Most Americans would quickly answer "Of course it is". But hold on; not so fast. My On Line Dictionary says:

debt |det noun • the state of owing money

…something, typically money, that is owed or due : "I paid off my debts"

The US Federal Debt is reported as [Ref:]:$ 9,383,418,000,000 as of last week. Truly a "princely sum". And why is it so high? Most would say it is obvious; it is because of past (and current) government deficit spending. So it seems clear to anyone that we are rapidly increasing our National Debt because we are spending more than we are collecting in taxes and from other sources (fines, import duties, etc.).

At the same time, inflation is hovering around 4.28% (that is as of a month ago, the more recent figure is 4.03%) [Ref: ]

Assuming inflation hovers at around that rate for the year, what effect will it have on us?

It will reduce the "street value" of all assets at about that rate, including the dividends we collect and that cash under your mattress.

But it will also reduce the "street value" of our debts, including our home mortgage and what we owe on our cars, etc.

And that applies equally to our humongous National Debt.

Applying the inflation rate predicted for 2008 (4.28%) to the debt ($ 9.383 trillion) says its street value will be reduced by: $ 401 billion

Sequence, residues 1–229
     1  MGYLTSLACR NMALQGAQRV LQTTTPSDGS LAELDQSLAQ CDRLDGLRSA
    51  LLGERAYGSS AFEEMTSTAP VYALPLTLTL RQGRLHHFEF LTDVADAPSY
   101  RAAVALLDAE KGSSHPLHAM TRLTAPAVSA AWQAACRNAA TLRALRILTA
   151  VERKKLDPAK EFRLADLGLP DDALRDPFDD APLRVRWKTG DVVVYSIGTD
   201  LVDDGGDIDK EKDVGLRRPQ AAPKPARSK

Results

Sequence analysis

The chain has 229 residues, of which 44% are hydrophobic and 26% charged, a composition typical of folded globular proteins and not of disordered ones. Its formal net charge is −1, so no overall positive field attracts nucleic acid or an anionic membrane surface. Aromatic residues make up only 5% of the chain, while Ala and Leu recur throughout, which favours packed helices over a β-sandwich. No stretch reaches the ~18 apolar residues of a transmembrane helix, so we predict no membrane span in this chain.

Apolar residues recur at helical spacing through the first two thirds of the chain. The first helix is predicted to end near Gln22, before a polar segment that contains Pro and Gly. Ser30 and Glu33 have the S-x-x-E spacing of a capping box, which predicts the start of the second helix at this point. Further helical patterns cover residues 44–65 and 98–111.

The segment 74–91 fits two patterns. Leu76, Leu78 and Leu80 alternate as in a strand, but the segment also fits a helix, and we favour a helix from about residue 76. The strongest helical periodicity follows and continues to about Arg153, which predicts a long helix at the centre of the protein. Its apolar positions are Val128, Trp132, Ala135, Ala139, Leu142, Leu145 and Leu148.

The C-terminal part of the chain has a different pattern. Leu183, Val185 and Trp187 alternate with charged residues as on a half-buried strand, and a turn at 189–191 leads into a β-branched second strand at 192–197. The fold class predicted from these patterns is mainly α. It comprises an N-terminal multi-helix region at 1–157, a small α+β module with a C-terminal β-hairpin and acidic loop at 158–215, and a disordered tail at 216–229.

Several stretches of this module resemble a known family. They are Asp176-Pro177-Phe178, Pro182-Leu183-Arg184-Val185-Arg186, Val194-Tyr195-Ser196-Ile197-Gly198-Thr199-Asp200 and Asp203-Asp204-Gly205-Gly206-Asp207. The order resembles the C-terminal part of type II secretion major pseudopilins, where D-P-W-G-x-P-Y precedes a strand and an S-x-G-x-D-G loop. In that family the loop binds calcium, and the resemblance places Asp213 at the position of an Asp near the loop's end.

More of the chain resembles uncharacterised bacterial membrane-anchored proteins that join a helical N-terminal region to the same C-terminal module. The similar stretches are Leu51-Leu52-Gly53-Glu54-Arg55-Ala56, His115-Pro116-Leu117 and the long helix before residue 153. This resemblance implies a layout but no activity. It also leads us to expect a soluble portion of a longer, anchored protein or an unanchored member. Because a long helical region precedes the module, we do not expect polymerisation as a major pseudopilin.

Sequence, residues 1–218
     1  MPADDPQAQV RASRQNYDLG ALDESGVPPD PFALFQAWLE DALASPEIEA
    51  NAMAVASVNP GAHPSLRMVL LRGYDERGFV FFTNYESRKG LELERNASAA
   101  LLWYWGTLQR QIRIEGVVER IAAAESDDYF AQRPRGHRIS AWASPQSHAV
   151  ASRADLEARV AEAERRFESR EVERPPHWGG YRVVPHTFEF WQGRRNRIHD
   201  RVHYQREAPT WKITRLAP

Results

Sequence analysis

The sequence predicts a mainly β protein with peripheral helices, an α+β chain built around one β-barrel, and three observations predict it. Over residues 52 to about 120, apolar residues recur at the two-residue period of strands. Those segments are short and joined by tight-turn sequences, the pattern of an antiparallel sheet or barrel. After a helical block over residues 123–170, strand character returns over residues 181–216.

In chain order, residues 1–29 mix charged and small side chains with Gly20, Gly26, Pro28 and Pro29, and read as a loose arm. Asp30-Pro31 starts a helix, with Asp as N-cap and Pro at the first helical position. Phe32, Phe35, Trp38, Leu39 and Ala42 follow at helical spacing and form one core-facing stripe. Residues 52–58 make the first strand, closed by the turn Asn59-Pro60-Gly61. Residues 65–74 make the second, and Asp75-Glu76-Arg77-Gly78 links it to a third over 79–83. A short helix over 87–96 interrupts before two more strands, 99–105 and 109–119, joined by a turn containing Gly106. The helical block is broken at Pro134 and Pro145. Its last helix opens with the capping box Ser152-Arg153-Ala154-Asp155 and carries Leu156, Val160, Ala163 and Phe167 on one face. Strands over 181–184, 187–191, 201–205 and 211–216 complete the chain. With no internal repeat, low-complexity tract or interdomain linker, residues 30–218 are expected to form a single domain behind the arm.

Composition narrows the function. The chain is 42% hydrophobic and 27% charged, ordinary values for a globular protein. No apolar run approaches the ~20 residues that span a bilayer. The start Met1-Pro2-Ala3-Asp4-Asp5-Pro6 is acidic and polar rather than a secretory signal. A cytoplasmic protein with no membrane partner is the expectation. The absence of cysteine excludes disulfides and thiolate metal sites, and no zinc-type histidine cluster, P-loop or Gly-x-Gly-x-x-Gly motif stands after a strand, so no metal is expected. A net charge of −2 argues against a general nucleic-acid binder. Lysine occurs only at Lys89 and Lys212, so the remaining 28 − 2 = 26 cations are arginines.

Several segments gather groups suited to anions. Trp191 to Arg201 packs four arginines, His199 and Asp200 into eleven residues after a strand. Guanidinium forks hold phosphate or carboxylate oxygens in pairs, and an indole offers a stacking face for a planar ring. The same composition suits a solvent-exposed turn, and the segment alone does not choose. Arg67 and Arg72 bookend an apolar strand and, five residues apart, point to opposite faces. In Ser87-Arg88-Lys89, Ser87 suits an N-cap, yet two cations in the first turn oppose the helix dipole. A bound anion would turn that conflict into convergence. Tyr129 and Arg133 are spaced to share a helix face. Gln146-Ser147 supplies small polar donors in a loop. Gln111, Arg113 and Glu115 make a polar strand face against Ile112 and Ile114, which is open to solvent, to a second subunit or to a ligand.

The US Federal Deficit for 2007 is reported as:  The U.S. federal budget deficit will fall for the third year running, totaling $158 billion in fiscal-year 2007" [Ref: ]

Thus the deficit is projected to be well under half the reduction in the street value of the debt, resulting in a net reduction in the real debt value of :

$401 – $158 or about $240 billion in current dollars.





Speak your mind

11 Comments so far

  1. Lon Evans on March 31, 2008 3:13 am

    G-d Almighty Mr. Hanes, Are you some sort of oddball, or just ignorant of history? Go back and do but a bit of research. Think Germany, post Versailles. Yeah, that ended well. "Let's just abrogate our debt by means of inflation!" So, you're ready to pay $250 for a loaf of bread? How about $1000 for a gallon of gas? Once initiated, Mr. Hanes, when does it end? What, with World War Three? You've got to be a Bushista! No one else would so easily and so stupidly espouse such lunacy. Dittohead, Dittohead, Dittohead… Lon (for once offered capitalized)

  2. Curmudgeon 3417 on March 31, 2008 3:45 am

    I think the previous commenter did not read very carefully. The post does not advocate the repudiation of the national debt through hyper-inflation. It just points out that at the present time the debt is not increasing in real terms. Which is important, and somewhat reassuring (the opposite case, a rapidly increasing real debt would be a danger sign).

  3. Lon Evans on March 31, 2008 4:06 am

    Excuse Me Curmudgeon, We've still wars in Afghanistan and Iraq (which continue to rage incessantly) to pay for. We've both Social Security and Medicare (which the Bushistas inform us are soon to be insolvent) to pay for. We've commitments for Federal pensions (which are not included in popular estimates of the National Debt) to pay for. And we continue to pay more in interest on this same National Debt than we do in principal. We pray that China continues to buy our (perfectly inflationary) dollars to make all this possible (at the same time that we are amazed that they continue to do so). You might, as well, do a bit of research. I haven't the foggiest as to what you refer to as "real terms?" lon

  4. Craig Bowles on March 31, 2008 8:43 am